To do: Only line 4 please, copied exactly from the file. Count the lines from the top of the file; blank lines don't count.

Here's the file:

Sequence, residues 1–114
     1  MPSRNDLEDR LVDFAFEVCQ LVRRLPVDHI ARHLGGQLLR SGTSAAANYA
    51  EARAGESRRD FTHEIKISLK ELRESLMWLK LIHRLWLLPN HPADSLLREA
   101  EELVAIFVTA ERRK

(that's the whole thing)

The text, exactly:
   101  EELVAIFVTA ERRK